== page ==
New Business Plan Wins Fans at HSR Hearing

Mar 14th, 2012 | Posted by

The revised 2012 Business Plan is not yet finished or published, but already it is getting positive reviews – including at last night’s hearing in Mountain View. Senator Joe Simitian tried to set up a show trial to make the high speed rail project look bad in front of a NIMBY crowd. But supporters turned out in big numbers to hear California High Speed Rail Authority board president Dan Richard turn in a strong, credible defense of the project that appeared to neutralize many of the criticisms:

Promising “improvements” to the state’s controversial bullet train plan, the new head of the project told a Senate hearing in Silicon Valley on Tuesday he now believes building high-speed rail would cost less than the alarming estimate of nearly $100 billion.

“I believe the number’s coming down,” Dan Richard told a packed auditorium Tuesday night. “Obviously the $98 billion was sticker shock for a lot of people.”

Using existing tracks like Caltrain and speeding up the construction schedule would bring down the costs of the project, Richard said in defending the much-criticized plan that Gov. Jerry Brown has appointed him to revive. He also promised quicker upgrades to Bay Area and Los Angeles commuter lines that would share the track and upgrading the initial leg of track in the Central Valley.

Richard said the project’s first segment in the Central Valley — dismissed by some as a $6 billion “train to nowhere” — will be tweaked to offer more “immediate benefits,” but he offered no specifics.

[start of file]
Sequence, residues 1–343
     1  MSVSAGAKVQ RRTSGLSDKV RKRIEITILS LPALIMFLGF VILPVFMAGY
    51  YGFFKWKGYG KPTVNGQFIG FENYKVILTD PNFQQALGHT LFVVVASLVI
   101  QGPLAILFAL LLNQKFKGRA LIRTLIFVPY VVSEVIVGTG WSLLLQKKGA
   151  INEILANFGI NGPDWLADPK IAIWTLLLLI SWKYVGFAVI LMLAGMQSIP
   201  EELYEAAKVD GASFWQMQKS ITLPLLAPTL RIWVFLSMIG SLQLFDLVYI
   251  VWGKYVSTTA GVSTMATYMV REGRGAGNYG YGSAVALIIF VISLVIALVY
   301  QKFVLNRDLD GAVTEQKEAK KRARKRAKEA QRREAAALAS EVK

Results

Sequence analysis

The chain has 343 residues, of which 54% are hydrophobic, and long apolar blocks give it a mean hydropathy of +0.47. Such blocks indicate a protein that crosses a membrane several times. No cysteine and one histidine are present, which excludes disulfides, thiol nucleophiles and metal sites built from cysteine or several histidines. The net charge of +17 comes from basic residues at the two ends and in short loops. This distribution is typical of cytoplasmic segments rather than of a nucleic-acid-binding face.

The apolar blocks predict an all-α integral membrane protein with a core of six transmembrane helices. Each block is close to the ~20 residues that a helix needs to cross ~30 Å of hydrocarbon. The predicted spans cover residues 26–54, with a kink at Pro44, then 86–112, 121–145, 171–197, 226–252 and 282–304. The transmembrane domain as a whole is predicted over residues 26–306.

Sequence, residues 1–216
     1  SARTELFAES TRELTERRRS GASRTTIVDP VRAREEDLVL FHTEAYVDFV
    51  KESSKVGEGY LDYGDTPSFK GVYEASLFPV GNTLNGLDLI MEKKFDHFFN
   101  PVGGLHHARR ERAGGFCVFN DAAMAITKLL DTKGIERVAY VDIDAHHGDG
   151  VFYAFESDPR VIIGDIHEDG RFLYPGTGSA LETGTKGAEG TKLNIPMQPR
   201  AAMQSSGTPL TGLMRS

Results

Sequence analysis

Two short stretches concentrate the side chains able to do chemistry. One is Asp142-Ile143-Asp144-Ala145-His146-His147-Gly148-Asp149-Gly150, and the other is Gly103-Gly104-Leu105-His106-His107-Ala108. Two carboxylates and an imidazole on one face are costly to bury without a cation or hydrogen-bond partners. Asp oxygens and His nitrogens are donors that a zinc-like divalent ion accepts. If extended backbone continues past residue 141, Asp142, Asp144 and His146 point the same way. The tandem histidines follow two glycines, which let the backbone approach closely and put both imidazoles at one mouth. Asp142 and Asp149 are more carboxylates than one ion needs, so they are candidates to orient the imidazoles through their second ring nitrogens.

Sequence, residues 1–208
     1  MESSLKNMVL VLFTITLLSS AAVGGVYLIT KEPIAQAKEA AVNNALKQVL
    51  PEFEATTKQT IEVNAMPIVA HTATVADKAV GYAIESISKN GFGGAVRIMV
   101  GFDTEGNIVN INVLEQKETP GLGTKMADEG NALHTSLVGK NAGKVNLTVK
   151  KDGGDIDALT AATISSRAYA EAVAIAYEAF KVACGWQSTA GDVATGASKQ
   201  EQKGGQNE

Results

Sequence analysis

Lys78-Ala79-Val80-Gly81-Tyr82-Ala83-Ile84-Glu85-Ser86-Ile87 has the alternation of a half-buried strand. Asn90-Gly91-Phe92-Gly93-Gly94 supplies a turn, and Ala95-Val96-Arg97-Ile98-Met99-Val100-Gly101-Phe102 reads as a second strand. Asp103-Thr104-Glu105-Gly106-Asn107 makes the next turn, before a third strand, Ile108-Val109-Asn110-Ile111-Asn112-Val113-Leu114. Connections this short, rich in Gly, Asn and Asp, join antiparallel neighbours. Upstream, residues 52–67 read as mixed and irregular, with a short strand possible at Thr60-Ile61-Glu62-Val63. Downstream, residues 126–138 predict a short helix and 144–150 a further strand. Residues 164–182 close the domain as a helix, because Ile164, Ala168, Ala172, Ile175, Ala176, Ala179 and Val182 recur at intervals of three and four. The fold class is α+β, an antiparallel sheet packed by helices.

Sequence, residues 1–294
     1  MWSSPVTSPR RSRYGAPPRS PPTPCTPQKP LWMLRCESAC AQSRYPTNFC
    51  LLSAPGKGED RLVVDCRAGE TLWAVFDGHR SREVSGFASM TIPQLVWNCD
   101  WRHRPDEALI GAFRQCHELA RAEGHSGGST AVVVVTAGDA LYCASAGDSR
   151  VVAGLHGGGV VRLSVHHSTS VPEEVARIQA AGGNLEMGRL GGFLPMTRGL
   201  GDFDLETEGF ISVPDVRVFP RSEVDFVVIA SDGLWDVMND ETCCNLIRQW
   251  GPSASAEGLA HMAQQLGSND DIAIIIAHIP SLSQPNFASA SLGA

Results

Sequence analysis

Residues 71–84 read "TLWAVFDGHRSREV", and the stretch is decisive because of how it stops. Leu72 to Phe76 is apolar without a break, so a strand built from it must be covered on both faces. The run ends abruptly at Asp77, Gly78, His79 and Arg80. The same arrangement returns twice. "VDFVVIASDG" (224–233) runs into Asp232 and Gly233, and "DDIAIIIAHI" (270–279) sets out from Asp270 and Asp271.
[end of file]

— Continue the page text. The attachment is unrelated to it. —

He also vowed to spend some $750 million in state funds in the next few years to help electrify the Caltrain line and $1 billion for similar commuter rail upgrades in Southern California, laying the foundation for bullet trains in those regions. The state’s new plan will call for launching train service sooner by breaking the 520-mile line into “bite-sized” segments that can be built quicker. Previous estimates had delayed full service between San Francisco and Los Angeles to 2034.

A cheaper project with a shorter timeline. That’s hard to argue with. Simitian tried, but Richard’s strong performance combined with the fact that HSR supporters showed up in enough numbers meant that Simitian’s hopes that the hearing would help undermine the project were completely dashed.

Richard’s pledge of a lower total cost and for funding to help improve urban rail projects, including Caltrain electrification, went over quite well with many elected officials in the room and others in the audience. Even Simitian had a hard time challenging these statements.